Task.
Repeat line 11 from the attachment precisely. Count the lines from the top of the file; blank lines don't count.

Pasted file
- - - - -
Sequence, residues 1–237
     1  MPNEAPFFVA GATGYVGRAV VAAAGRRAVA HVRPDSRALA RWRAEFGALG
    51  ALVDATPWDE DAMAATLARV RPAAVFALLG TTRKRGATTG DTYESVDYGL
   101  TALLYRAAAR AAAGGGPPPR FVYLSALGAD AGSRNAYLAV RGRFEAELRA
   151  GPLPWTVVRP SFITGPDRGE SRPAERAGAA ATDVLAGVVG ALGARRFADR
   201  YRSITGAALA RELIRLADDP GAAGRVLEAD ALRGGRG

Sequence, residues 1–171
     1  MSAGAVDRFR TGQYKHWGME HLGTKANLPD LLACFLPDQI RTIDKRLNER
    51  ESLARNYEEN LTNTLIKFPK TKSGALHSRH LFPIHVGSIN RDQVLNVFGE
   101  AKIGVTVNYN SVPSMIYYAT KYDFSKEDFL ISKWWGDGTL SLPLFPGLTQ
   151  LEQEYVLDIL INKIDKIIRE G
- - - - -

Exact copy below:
   151  LEQEYVLDIL INKIDKIIRE G